This month we’re launching a brand-new openings post looking at some of the best worldwide retail initiatives specialising in innovative retail technology and concepts. Have a read of our first batch below and we’d love to hear from you should you be launching something interesting soon!
We’re pleased to announce that the world’s first sustainable ‘smart street’ is located in the heart of London’s West End. Bird Street stands less than 100m from Selfridge’s on Oxford Street and is a tech-friendly, traffic-free oasis that combines next-generation technology from around the globe for a sustainable, innovative shopping experience.
Featuring a range of pioneering pop-ups, from independent fashion and lifestyle brands to ethical homeware stores housed in origami style pop-up pods, the street is not only innovative in retail stores but also technology.
Visitors’ footsteps are used to generate electricity using a technology called Pavegen and when in need of a rest, shoppers can enjoy fresh, filtered air on a bespoke bench designed by CleanAir.
With the pop-ups curated by Appear Here, using mobile payment apps and incentivised digital selfie mirrors, we shall certainly be keeping an eye out for the latest in sustainable start-ups and innovative retail concepts around here.
Global beauty brand Sephora has launched a brand-new retail concept in downtown Boston focusing on a more intimate shopping experience with a community atmosphere. Located on Newbury Street, the small shopfront still utilises Sephora’s standard monochrome branding but on a more laid back scale to allow it to blend into its surroundings just a touch more.
‘Hello Newbury Street’ is etched in cursive on the marble floor as you enter, signalling that the store was custom-built for the location. The walls are full of exposed brick that draws from the surrounding architecture.
Having noticed that consumers are now shopping locally and avoiding huge shopping centres, the beauty brand has created a careful edit of the normal Sephora offerings and included eight make-up stations where customers can book personal consultations and foster a personal relationship with the staff.
The product assortment is much smaller and focused on make-up, although there is a small selection of perfumes and skin care. The larger range of Sephora stock can still be shipped to customers for free if requested.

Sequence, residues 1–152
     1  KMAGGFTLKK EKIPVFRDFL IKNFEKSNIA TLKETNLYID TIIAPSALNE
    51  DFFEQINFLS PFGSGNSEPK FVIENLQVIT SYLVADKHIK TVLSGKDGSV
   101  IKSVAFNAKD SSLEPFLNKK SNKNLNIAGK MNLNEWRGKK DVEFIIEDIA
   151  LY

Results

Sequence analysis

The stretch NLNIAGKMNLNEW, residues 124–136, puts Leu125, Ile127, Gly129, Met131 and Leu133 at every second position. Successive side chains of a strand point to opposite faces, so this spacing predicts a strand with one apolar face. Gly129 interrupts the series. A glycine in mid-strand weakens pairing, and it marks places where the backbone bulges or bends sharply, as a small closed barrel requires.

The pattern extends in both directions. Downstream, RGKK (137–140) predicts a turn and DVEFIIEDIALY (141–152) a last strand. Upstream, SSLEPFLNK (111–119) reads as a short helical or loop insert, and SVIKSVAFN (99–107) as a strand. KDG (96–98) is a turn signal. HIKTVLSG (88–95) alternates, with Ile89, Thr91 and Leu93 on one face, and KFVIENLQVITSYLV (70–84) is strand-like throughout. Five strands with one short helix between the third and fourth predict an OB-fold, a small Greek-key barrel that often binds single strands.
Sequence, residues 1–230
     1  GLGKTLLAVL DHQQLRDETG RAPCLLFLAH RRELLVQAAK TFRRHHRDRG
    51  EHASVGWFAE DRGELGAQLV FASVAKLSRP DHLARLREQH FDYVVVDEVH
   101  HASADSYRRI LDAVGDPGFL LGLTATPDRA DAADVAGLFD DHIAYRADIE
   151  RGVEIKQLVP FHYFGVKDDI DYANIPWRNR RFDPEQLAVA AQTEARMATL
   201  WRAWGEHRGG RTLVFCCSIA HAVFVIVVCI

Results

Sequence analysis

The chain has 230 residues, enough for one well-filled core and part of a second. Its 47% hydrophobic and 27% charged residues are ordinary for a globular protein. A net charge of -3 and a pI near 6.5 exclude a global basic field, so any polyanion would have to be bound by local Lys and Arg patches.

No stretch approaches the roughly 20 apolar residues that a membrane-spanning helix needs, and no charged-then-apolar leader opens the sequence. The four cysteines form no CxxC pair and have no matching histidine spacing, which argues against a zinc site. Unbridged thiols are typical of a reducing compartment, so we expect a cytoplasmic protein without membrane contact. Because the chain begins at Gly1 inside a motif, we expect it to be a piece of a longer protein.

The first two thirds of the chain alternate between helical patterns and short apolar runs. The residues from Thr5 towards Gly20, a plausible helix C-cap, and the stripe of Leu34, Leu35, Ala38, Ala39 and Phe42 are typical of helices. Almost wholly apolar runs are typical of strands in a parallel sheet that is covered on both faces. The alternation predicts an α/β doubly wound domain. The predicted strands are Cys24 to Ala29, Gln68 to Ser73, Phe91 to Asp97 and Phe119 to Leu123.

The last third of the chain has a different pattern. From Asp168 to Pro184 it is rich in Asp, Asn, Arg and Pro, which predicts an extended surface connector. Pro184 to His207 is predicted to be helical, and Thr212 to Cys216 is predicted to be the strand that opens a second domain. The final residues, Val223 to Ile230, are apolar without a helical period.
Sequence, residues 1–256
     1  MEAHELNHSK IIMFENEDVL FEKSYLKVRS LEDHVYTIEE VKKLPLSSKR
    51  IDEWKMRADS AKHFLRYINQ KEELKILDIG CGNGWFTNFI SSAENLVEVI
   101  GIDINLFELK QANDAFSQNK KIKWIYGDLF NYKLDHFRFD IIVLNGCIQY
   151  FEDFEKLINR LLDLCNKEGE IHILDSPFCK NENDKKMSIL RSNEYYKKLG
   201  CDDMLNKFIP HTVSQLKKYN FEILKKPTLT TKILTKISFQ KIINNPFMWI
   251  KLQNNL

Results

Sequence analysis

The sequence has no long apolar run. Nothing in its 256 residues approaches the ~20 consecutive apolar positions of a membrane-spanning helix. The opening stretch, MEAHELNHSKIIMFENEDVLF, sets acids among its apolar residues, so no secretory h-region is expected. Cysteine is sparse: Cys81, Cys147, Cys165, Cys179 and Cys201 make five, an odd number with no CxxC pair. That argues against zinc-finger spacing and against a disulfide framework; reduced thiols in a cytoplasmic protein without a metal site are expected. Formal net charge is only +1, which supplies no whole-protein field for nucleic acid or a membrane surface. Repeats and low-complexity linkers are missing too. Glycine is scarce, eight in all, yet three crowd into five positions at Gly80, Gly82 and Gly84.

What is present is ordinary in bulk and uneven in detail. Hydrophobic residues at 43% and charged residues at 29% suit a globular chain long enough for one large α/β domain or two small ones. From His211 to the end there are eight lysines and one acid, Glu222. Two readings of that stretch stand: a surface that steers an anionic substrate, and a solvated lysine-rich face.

A personalised experience is what the team are after with all staff members equipped to process payments on their phones and no cash registers present. At make-up stations, beauty advisers can take pictures of the client, then note all the products they test together, which is then emailed to the client and added to their online profile.
Birkenstock Mobile Box
Germany-based footwear brand Birkenstock has launched a new retail concept ‘The Box’ – a mobile store that serves as a blank space for local artistic and other creative talents to recreate and customise it.
Created by architects Pierre Jorge Gonzalez and Judith Haase, the duo have transformed a freight car into a walk-in space that’s set to go on tour to selected retail stores worldwide. It plays host to each partnering store’s interior concept and merchandise proposition. The Box’s first stop is the permanent Andreas Murkudis store in the city’s Tiergarten neighbourhood.
Store owners can curate the product selection, turning the Box into a temporary urban space that encourages creative communication between artists, retailers and customers.
Moby – 24-hour convenience store
A prototype of a new 24-hour convenience store in Shanghai has no staff, no registers and has been designed on wheels in order to eventually drive itself to a warehouse to restock, or to a customer to make a delivery.
Customers must download an app and use their phone to enter the store where they can either scan what they wish to buy or place it in a smart basket that tracks purchases. Upon exiting, the customer’s card is automatically charged (much like a system Amazon has also been trialling).
The small shop will stock fresh food and other daily supplies, and if customers would like something else they can order it using the store’s artificial intelligence. The item will be waiting for them next time they shop.
The start-up behind it believes that it’s the model for the grocery store of the future. Because it’s both mobile and far cheaper to build and operate than a typical store, it could also help bring better access to groceries to food deserts and rural areas where neighbours could also club together to create their own franchise.
When autonomous vehicles are allowed on roads, the store could also show up at local’s homes, and the company is also testing a set of drones to make small deliveries.
Dish & DUER
Dish & DUER, a Vancouver start-up, have created the world’s only Performance Denim Playground – equipped with a treehouse, rooftop hammock, monkey bars, a swing set and more.
During a pop-up in the store last summer, owner Gary Lenett saw that people wanted to test the jeans by squatting, stretching and moving around the store. Hence the denim playground concept being born allowing customers space to try out the range of denim.
Customers can now run, jump, swing and play with a feel of the outdoors brought inside and see how well the product will live up to an active lifestyle before purchasing.
The denim brand has pulled down the walls in the space to also allow customers to see directly into the design studio, providing an innovative yet unique brand experience for shoppers.